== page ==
In the hope of encouraging school districts across the nation to come up with innovative reforms that will boost student achievement and teacher effectiveness, the U.S. Department of Education is again this year offering Race to the Top grants. The department has a big pot of money to work with and Glendale Unified officials are again seeking grant funding of up to $30 million.
Last year the GUSD made a valiant attempt — in the form of a 503-page document — to secure such a grant, which was at the time worth up to $40 million. Everything was in order with that application except one critical component: the required signature of the Glendale Teachers Assn. president.
Despite months of negotiations, Tami Carlson, the union's leader at the time, refused to sign off on the proposal, citing concerns she had about the long-term costs of the proposed programs once the grant money was spent. She also balked because district officials would not guarantee, in the face of a large structural deficit, that teacher layoffs would not take place.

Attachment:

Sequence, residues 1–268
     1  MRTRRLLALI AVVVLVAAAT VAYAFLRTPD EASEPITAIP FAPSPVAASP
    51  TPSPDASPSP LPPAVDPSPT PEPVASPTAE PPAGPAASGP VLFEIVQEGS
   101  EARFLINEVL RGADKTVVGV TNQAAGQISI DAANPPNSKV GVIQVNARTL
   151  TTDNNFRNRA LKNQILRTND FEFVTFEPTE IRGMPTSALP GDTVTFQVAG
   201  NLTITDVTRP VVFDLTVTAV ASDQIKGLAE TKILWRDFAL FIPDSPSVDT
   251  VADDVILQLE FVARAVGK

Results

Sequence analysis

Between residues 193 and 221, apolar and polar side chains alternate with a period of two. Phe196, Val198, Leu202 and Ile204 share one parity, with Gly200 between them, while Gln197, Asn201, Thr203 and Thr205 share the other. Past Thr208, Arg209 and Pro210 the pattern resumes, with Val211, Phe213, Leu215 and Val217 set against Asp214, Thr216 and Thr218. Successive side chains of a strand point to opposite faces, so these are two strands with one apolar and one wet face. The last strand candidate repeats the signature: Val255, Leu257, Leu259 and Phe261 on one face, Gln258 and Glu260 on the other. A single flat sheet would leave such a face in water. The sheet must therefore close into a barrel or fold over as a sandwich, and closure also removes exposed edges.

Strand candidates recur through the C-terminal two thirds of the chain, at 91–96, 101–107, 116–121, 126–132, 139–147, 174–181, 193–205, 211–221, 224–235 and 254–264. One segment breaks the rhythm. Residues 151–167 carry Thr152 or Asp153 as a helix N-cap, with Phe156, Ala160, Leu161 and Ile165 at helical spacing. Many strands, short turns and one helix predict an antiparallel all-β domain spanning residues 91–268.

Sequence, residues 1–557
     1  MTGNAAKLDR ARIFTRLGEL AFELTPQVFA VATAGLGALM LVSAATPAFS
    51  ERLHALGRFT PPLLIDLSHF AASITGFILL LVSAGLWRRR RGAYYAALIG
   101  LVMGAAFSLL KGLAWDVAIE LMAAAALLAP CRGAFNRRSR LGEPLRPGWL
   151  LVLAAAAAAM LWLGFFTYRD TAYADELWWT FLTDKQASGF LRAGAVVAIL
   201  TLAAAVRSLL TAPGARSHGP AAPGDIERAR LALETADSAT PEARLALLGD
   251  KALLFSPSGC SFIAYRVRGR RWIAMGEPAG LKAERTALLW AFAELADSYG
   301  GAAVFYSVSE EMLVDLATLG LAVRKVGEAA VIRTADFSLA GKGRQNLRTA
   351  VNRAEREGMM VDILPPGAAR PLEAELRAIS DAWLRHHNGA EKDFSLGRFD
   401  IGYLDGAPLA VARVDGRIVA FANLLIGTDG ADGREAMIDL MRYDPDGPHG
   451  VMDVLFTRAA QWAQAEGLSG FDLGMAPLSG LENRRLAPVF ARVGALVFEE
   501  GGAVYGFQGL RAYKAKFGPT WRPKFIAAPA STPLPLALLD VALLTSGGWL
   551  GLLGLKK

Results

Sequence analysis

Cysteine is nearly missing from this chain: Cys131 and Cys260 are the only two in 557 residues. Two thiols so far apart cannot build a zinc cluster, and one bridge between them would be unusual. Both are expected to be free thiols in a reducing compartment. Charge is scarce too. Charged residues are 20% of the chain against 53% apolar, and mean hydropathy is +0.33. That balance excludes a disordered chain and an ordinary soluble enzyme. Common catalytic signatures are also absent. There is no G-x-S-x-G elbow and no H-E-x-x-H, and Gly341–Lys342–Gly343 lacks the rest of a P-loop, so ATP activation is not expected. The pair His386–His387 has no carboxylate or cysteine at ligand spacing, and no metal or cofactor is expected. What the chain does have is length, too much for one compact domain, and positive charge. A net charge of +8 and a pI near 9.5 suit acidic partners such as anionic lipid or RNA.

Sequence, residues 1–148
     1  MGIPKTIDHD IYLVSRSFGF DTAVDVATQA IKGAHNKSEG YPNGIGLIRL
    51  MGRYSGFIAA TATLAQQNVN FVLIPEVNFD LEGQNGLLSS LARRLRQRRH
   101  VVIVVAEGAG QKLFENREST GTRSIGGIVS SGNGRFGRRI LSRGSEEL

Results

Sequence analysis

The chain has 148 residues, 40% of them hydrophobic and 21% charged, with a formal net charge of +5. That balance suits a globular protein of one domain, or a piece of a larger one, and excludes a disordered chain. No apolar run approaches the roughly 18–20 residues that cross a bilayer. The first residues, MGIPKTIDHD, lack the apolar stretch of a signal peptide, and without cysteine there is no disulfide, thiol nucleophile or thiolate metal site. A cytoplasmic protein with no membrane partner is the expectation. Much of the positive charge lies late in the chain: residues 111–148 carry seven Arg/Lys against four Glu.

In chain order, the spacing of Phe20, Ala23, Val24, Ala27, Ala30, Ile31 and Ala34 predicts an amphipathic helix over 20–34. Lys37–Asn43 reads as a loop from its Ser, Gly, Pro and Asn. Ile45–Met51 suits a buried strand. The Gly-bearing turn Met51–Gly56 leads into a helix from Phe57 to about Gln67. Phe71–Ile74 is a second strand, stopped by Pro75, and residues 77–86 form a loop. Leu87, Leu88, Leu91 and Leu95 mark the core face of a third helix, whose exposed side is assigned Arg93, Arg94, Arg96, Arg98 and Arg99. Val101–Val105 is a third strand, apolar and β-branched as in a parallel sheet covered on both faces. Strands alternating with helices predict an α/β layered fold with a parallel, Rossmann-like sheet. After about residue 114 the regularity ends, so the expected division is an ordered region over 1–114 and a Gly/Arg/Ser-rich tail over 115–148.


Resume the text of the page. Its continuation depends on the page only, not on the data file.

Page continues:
The Glendale Teachers Assn. and its leader may have had valid concerns, but now, a year later, there is new union leadership in place. We hope there is a better meeting of the minds and the Race to the Top application stands an improved chance making it into the hands of those who will decide which schools will share in the next round of awards. If Glendale Unified isn't even in the game, it doesn't stand a chance of winning.